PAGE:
Saturday, February 20, 2010

More Hearts

I got this project idea from Art Projects for Kids.( (click here) for her version). I used the aluminum sheets (instead of foil) and made the lines "embossed". We also used permanent markers. This is a great lesson to teach primary and secondary colors. I used this for my K-3rd home school art class and taught them about lines, shapes and warm and cool colors. We used Jim Dine as our inspiration artist and I introduced Pop Art style.

We also did the fiber art heart lesson in my two advanced classes and the kids loved it (click here for lesson)

Just wanted to show a couple samples of the ones the kids made. They all turned out really cute! I also used this lesson to introduce Jim Dine to them and we talked about mixed media. It ended up taking about 2-1/2 hours total to complete this project.

Wednesday, February 3, 2010

Henri Matisse Collage

I adapted this lesson from the Incredible @rt Department . It's listed under Matisse Goldfish-Mixed Media in the elementary lessons section. It has several steps, but it works well for groups where you have students that work at different speeds because there is always another segment to work on. I start off with everyone doing the fish bowls together. It's a great way to work on some basic drawing skills. After I present the information on Matisse, and we look at several of his gold fish works, we draw out fish bowl lightly in pencil on white construction paper and cut them out. Then the fun part; we experiment with blending watercolors in blues and greens. We use very "watery" paint, and then while it's still wet, we sprinkle table salt on the paint and it gives it a crystallized effect. The students always think this is so "cool". Next we cut out the table top (I always talk about perspective here) and decoupage it with a variation of pink tissue paper. These two items are set aside to dry until the next class session.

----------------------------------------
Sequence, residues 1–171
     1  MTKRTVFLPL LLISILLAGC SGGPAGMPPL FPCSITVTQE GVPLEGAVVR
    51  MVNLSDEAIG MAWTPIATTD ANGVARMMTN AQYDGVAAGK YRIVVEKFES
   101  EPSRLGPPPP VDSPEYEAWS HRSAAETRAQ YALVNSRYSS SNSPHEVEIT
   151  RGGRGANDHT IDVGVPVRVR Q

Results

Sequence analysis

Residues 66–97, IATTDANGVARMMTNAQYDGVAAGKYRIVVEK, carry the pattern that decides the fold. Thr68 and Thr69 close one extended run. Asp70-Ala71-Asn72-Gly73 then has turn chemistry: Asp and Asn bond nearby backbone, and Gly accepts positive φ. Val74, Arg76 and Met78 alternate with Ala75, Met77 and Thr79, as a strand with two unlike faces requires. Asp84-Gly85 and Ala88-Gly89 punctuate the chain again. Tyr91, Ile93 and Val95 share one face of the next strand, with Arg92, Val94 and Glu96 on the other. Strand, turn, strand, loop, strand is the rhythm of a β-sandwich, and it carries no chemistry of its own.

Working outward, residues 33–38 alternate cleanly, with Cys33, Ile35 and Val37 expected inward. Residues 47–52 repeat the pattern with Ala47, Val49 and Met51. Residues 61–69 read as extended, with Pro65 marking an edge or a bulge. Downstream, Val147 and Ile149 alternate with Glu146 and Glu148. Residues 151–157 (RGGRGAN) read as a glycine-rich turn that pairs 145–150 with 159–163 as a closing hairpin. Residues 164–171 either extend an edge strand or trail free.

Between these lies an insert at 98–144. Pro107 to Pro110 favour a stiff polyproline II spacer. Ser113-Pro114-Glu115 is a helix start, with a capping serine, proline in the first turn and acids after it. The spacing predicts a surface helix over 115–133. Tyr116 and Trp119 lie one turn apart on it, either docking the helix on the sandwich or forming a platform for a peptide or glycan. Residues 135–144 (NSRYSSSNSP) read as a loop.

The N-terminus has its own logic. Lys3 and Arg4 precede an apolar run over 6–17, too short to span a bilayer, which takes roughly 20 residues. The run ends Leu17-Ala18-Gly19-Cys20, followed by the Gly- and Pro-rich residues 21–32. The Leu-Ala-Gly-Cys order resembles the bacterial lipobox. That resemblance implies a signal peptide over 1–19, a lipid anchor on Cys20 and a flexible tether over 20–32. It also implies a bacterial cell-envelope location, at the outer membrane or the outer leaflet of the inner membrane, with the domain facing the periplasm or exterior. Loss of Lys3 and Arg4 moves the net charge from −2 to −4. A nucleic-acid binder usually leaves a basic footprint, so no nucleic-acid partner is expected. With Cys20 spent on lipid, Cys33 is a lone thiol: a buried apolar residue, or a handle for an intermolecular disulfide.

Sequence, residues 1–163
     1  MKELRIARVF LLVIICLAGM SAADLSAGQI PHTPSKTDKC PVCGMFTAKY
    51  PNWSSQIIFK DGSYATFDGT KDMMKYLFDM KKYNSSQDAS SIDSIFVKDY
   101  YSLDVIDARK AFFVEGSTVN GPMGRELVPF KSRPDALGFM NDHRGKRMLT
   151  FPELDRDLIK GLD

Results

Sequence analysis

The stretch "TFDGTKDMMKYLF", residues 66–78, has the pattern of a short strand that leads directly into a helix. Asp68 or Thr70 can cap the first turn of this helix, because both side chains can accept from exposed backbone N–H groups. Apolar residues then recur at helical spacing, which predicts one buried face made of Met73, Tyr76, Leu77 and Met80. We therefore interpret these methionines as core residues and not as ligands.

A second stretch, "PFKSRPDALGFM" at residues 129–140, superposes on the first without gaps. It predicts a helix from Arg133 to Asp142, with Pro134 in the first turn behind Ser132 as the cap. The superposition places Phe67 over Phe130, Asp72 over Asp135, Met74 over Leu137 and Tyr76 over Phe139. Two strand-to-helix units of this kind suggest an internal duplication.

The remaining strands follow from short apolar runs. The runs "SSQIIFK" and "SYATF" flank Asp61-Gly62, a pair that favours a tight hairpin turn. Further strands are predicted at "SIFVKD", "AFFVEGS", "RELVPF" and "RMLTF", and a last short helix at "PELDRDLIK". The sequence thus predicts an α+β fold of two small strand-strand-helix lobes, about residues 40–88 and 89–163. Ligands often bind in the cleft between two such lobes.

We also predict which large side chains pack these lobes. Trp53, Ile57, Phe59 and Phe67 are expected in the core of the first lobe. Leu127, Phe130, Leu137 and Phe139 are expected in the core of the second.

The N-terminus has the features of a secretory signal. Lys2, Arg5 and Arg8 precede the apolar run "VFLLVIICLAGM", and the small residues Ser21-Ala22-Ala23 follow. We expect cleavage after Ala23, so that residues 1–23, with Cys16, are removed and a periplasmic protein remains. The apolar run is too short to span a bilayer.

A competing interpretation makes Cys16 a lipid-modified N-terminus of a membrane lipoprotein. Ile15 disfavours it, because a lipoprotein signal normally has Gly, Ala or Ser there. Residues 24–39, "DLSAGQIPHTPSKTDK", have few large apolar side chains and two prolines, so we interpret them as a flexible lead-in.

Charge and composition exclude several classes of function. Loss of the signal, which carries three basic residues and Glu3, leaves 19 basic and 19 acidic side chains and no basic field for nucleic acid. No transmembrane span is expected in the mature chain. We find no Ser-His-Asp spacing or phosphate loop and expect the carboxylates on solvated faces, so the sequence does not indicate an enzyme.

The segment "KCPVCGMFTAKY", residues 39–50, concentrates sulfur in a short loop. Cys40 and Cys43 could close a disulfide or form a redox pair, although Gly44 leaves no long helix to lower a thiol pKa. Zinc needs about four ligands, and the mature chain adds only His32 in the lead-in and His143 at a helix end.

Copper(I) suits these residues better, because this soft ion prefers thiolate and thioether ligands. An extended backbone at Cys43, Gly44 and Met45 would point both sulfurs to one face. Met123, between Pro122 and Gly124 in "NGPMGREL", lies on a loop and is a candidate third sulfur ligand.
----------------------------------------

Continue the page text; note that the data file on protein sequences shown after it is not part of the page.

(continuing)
For the background, I use a white sheet of construction paper. Sometimes I let the kids go outside and collect their own assortment of leaves, or sometimes I already have an assortment together (depending on time and class dynamics). I peel the wrappers off a large selection of cool colored crayons and let them do leaf rubbings to totally cover the background. I encourage them to overlap colors and leaves. Also the sparkle crayons give this a great extra "punch".

The last segment of this project is putting everything together. The students cut out the gold fish and extra flowers out of tissue. Everything is glued into place and we use oil pastels to draw the table legs and any other accents. This is also a great lesson to talk about the impact of cool and warm colors used in composition. I love how the gold fish "pop" off the page. *When gluing on the fish bowls be sure to use a sponge brush to apply the glue instead of putting it right on the back-this will help to avoid the "glue lines" like in some of these pics.

You also might like....